Father Devine Cont from page one on page 5 Dec. 26 1931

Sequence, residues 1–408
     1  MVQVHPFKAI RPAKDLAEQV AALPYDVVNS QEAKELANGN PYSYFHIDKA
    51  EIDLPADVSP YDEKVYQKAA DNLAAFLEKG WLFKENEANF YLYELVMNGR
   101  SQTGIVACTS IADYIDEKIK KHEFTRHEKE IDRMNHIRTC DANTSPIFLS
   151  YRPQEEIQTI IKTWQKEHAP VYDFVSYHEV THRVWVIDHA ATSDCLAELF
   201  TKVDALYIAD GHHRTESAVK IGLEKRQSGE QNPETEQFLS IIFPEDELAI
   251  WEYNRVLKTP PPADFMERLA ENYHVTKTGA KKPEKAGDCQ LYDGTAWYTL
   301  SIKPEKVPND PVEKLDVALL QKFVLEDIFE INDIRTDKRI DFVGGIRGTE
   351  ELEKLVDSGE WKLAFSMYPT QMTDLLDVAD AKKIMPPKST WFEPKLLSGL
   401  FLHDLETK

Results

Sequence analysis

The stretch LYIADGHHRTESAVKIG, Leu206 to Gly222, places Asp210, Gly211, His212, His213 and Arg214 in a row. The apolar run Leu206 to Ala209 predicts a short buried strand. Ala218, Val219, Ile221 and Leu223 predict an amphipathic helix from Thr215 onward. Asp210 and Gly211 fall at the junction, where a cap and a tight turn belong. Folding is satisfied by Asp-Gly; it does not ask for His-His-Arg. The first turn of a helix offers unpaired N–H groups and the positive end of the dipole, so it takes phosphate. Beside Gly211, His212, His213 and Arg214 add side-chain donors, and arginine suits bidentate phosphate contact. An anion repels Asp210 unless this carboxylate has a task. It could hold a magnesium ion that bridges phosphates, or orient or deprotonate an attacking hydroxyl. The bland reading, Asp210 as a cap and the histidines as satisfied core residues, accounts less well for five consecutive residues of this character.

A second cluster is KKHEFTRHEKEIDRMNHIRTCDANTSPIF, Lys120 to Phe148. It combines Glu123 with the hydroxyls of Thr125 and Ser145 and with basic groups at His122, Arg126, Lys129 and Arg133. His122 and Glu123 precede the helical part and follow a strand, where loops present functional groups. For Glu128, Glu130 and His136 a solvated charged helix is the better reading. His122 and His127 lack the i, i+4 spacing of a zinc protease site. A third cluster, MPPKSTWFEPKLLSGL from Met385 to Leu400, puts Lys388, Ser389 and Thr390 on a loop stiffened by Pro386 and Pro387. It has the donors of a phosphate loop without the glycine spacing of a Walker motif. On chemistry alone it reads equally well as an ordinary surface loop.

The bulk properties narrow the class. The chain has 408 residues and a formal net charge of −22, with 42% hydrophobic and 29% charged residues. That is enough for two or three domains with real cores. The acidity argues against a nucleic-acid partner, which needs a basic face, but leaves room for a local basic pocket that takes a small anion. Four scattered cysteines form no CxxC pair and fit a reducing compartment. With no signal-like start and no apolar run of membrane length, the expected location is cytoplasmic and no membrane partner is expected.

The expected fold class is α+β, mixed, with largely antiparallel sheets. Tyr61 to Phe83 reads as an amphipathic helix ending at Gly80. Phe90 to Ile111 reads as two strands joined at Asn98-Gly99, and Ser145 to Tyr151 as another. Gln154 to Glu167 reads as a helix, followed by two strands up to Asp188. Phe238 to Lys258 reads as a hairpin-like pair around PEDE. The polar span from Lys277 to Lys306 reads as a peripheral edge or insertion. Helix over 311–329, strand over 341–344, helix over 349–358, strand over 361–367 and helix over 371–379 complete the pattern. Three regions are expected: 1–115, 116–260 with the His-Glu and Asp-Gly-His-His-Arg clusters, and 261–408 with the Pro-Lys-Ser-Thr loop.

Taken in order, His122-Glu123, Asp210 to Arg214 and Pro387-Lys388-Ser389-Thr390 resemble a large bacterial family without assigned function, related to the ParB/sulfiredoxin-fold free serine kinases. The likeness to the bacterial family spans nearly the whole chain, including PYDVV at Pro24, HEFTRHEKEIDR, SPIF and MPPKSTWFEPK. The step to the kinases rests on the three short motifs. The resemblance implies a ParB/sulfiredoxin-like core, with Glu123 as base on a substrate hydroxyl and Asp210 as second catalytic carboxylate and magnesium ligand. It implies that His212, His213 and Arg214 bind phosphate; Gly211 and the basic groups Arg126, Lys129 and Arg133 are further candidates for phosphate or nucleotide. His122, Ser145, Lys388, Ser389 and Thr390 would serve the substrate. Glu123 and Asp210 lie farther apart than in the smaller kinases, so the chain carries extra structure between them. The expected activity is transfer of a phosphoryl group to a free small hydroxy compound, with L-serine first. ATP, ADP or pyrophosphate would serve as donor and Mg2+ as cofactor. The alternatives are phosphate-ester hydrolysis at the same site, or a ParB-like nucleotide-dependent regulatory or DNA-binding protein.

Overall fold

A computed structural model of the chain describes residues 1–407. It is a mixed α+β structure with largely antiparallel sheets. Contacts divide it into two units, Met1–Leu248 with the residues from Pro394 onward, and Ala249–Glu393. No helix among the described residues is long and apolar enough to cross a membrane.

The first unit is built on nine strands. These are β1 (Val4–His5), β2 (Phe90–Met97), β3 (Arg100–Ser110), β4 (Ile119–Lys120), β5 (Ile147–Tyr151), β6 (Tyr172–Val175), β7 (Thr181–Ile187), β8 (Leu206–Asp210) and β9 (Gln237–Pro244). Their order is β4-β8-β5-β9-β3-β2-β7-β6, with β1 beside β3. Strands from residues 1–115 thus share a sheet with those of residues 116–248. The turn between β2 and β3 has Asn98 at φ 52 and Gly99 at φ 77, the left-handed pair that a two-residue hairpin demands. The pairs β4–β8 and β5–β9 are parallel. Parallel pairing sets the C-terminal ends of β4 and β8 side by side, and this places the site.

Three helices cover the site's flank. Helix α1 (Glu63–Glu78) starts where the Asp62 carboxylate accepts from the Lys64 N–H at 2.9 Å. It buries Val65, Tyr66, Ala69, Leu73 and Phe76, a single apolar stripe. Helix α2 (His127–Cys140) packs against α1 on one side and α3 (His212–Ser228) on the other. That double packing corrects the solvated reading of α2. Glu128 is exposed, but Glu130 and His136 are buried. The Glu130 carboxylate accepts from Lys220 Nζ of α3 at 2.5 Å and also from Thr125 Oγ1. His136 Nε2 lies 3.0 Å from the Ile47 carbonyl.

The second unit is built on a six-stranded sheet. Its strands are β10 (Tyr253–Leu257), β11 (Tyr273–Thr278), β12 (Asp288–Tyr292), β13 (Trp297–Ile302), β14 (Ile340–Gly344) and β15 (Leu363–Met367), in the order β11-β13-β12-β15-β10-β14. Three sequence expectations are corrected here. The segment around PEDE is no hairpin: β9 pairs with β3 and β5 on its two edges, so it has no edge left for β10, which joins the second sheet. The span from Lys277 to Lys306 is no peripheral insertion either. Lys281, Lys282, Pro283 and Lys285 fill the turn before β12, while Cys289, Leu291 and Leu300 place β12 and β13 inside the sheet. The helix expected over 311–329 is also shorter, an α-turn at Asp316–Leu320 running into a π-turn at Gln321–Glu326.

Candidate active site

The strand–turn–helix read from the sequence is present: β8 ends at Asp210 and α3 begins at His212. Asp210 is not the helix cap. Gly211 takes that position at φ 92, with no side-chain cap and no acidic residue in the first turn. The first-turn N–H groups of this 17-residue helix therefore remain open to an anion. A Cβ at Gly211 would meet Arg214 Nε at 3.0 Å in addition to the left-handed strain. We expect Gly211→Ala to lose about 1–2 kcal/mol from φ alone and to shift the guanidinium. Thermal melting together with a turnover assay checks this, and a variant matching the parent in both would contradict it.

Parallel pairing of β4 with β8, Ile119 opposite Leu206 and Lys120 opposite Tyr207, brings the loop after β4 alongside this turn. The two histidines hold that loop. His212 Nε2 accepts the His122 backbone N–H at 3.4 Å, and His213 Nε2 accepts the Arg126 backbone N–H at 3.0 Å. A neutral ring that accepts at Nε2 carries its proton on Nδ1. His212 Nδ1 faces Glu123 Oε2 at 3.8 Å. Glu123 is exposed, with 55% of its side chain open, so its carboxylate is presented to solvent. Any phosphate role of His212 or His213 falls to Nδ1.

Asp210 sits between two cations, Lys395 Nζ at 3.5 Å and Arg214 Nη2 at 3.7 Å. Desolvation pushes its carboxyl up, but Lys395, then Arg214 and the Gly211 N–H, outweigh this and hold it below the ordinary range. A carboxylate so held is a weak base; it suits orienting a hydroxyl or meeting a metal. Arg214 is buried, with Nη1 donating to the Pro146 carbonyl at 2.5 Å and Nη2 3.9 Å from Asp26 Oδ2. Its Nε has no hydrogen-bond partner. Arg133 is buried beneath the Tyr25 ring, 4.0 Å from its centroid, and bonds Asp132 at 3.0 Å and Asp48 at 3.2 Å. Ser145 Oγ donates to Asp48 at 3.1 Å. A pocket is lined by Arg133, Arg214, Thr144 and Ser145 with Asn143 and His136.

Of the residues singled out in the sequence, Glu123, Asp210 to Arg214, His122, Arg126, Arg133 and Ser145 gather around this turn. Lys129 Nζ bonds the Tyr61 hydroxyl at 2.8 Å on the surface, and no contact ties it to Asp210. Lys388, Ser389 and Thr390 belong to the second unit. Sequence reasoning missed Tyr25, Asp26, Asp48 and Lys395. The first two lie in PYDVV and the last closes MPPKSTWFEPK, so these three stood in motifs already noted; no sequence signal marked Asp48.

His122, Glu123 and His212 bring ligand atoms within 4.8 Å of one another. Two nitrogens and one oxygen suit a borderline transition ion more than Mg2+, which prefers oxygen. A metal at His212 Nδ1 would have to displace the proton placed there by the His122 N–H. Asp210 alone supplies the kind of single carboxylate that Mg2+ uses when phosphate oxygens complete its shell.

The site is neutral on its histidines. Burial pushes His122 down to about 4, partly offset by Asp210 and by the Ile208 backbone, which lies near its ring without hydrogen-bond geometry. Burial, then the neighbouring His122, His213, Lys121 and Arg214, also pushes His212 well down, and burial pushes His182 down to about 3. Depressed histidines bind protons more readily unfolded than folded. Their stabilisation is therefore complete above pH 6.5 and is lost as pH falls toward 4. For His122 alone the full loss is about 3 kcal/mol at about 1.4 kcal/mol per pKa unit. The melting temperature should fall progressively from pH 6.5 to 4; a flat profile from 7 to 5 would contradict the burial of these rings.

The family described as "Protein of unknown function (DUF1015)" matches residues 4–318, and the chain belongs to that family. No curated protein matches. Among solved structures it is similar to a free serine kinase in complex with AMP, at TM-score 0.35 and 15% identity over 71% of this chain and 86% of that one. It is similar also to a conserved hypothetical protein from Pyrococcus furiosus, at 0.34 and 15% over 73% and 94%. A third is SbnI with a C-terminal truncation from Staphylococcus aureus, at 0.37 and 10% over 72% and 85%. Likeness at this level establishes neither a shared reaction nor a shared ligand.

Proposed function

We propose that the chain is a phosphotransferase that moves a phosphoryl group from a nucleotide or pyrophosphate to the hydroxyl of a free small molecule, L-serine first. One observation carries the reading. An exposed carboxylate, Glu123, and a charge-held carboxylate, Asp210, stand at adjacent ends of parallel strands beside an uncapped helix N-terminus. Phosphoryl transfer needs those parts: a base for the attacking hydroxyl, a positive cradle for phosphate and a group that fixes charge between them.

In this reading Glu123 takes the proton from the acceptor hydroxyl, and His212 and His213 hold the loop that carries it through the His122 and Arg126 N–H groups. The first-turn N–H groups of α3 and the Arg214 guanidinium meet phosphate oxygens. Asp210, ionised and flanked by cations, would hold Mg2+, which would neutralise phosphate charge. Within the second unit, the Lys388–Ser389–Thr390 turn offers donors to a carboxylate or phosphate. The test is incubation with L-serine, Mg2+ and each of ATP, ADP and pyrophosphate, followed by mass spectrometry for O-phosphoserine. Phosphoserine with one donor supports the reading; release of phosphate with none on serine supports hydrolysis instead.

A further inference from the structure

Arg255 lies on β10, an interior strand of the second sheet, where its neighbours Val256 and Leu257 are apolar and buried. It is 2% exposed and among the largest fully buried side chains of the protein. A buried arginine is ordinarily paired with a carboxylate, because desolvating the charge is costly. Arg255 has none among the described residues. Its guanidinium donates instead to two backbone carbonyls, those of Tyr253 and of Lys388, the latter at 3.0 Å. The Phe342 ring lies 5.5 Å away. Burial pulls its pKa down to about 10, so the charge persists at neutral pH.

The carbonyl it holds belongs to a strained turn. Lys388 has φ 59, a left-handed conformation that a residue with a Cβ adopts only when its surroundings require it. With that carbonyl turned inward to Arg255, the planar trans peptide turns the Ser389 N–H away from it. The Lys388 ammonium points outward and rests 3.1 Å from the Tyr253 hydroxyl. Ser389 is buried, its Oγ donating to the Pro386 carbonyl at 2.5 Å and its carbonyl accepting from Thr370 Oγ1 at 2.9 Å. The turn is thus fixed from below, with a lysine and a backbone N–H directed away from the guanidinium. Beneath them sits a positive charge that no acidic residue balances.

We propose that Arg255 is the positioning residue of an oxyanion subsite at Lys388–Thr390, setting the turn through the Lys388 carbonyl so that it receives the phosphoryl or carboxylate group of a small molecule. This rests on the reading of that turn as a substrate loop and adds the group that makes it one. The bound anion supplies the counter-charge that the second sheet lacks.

1, I" Z 'r.J .Zl iWu"1 ' " - ""u - - . of' - lXV.'uI i , 1 - Madison, who thanked The i in The Age here and oetore as he personally saw them anj will give further statements and rvtws as fathered each week. Many letters! were passed to Father Devine ask - j ing blessings. I am allowed to state' that each writer may rest assured of a bles;ng in answer. j - s ucmj nu luuuncn ni'in jijhuc brought over in cars furnished free - by Attorney Lovelace. Attorney - "Madison, L. B. Hart, the Seventh $ avenue undertaker, M . Van, Sayville, - j Father Devine, and - others, I shall tell of Harlem's barefoot - ' phophet, etc. in the next issue of The New York Age. with further 'testimonial letters. 10,000 Crowd to Hear Father Devine in N. Y. t (Continued from Page One) a Mr. Stevens, a broker, who spoke of how Father Devine has taught him that church, etc; could and did not teach him, and closed by saying he was honored to stand with and for such a teaching and truth as Father Devine. Then ' came a surprise speaker, our able and esteemed former United States Attorney James C. Thomas.; He cau - ed no end of applause when j he ttateTthat Suffolk or aSy one county could no, or would not hinder' or molest . athcr Dtvir.e. At stated Ins reason for not doubting Father ' Devine by saying his faith in Father, , Devine was strengthened when he received blessings from Father through mental contact He also.Cary U.r,,M int f V. nrourf . Father Devine Speaks this t!me h mn i0T ther " L'r":ZL 'Zlil . ' . t a V? ' "".v :" . a"d oegan nis aaaress. so quiet sna "tive were hs listener, that one . n i could have heard a pin drop. He opened by say ng "Isnt it wonder - ful.'" His address in part follows: "I ask you as I ask people in Suf - folk County and all over the coun - try. do you hate me? would you im - prison me? would vou kill this body, ! for bringing you the truth, health j nappiness, sneiter, tooa, consolation, ppiness, sneiter, tooa, consolation, y, prosperity? I ask you, would. u? Could you?" There was a great shout of No, joy, you T1 .o, :so, father, .No." Me went on, to state now ne naq Dcen irica io be made to leave different places by force but always won out He explained this by saying: "I am the life and the light and I live as I teach and ask you to ad - j mit Christ to enter your soul your, temple your kingdom, ana you oecome as i am. uo i oo. There was another great shout of "Thank you Father." " Continuing, he said: ! teach you the way of righteousness that you may have eternal life for to sin is to die. "I teach now as of 1900 years ago. I come to comfort you, cheer you, bless you, give you homes for your bodies, rest for your soul, re - liet for an sorrow, tor I am ine'u0n written word as given yon ana ao live thereof. You need not see nor touch me. Live clean, pure, right and you can contact me and receive countless blessings." At his closing remarks, there was a rush to the platform t touch Father Devine. The rush was topped long enough to let The New J Afe, VE! i "t 'v',," j te4 wLvJ .:a Zri Th Z that tjere would be weekly meet ngs bere4,ter - I The Age Reporter Speaks j The Age reporter was glad to state to the audience that he could per - . isonally vouch for the things printed: I ihe ponce nad a jod gettmgj I rather uevine out and away from tne . meeting, as me crowai ciimoca on 'and in his ear seekint to touch him.) There were about 100 or more stu - j j - - J r.li . c : 1 1 1 I j I I A. t A. E. so J. Y.